GREENVILLE — Allison Edwards is a 24-year-old actor who lives in suburban Cincinnati and has been acting since she was 8 years old. Once a week since Feb. 8, as the final presentation of Darke County Center for the Arts’ Arts In Education series, Edwards has traveled to Darke County schools as the sole actor in Children’s Theatre of Cincinnati’s “Cinderella Wore Cowboy Boots,” carrying props, costumes and set to her destination where she unloads her cargo and sets up the stage to perform for Kindergarten through third grade students. After performing a sound check for herself, the energetic performer then changes into her costume, ready to greet the students as they enter the performance space, recruiting participants to become cast and crew for the show she is about to direct and star in.
Now, Edwards does not yet have a driver’s license, so her father, who is self-employed, drives her to these engagements, but other than that vital support, she is on her own in her efforts to create the illusion of reality that is theatre.
The show opens with an enthusiastic “Well howdy!!,” then Edwards reveals that she’s “got a good story for ya,” but that she’s only one person, and will need a little bit of help from audience volunteers. Then, the story begins — “Once upon a time….”
The Queen, acted by Edwards, has a problem; her son, Prince Buddy (played by a student) has no interest in assuming royal duties, “shivering at the very thought,” and only wants to ride horses. The Queen decides to hold a big dance offering young ladies of the kingdom the opportunity to meet the future king, and enlists the aid of the Court Jester, played by a teacher whose costume consists of wearing a red ball on her nose.
In another part of the kingdom, Cindy Ella lives with her stepmother and two stepsisters (recruited from the audience) who are beautiful—but mean. Upon learning of the ball, the sisters “run Cindy ragged” meeting their demands; then Cindy’s stepmother informs the hardworking girl that she can only go to the big event after finishing a long list of chores that includes repainting the house inside and out. Topping off the impediments placed in her way, a bucket dumping cinders on Cindy Ella has been rigged up by the sisters to ruin her dress and her plans.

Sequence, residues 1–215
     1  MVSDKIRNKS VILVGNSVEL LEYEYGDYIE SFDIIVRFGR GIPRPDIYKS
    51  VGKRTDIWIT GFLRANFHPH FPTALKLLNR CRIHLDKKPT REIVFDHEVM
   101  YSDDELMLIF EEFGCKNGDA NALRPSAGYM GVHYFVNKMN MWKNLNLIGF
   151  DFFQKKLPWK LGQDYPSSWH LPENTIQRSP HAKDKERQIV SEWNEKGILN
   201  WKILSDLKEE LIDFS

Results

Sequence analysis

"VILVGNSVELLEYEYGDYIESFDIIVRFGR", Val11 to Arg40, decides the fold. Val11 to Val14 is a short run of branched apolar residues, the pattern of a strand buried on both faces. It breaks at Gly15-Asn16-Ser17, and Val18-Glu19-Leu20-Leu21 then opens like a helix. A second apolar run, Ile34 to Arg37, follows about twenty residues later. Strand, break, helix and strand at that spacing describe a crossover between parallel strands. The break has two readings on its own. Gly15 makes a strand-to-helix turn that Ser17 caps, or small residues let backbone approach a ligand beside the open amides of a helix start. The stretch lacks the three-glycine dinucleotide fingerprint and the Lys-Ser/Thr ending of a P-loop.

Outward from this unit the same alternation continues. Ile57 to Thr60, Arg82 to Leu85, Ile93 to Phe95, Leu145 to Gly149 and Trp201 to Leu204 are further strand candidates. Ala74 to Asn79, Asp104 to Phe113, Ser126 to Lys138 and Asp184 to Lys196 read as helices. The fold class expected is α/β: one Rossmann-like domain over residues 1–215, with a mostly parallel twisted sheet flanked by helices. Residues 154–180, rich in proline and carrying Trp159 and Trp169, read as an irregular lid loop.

A flock of bluebirds appear to sing “Close your eyes, Make a wish,” before transforming into a fairy godmother who announces “I am here to help you;” with a “bam” and a “poof,” all of the assigned chores are completed and Cindy is attired in a beautiful blue gown topped by a sparkly crown, her feet shod in beautiful teal blue cowboy boots. Upon arriving at the royal shindig, she takes her horse to the royal stable where she finds the Prince who has left the party to commune with his friends, the horses. And the prince’s heart goes “ba ba boom!”
Later, as the clock strikes 12, Cindy announces “Uh oh, I gotta get outta here!,” but, of course, loses one of her tiny teal boots while fleeing, providing the evidence proving her identity during the royal search for the shoe’s owner. Those teal cowboy boots are eventually bestowed upon the beautiful daughter of Cindy and Prince Buddy, Cinderella, and everyone lives happily ever after.
Edwards said that she loves how the students are involved in the show, not only those who become participants in the play but also those in the audience whose responses are required throughout. “The most fun for me is interacting with the kids,” she explains.
Based upon their laughter and squeals of delight, local students thoroughly enjoyed this introduction to theatre; what they did not begin to understand, however, was the time, effort and work that went into creating this delightful illusion of reality that had so entertained them.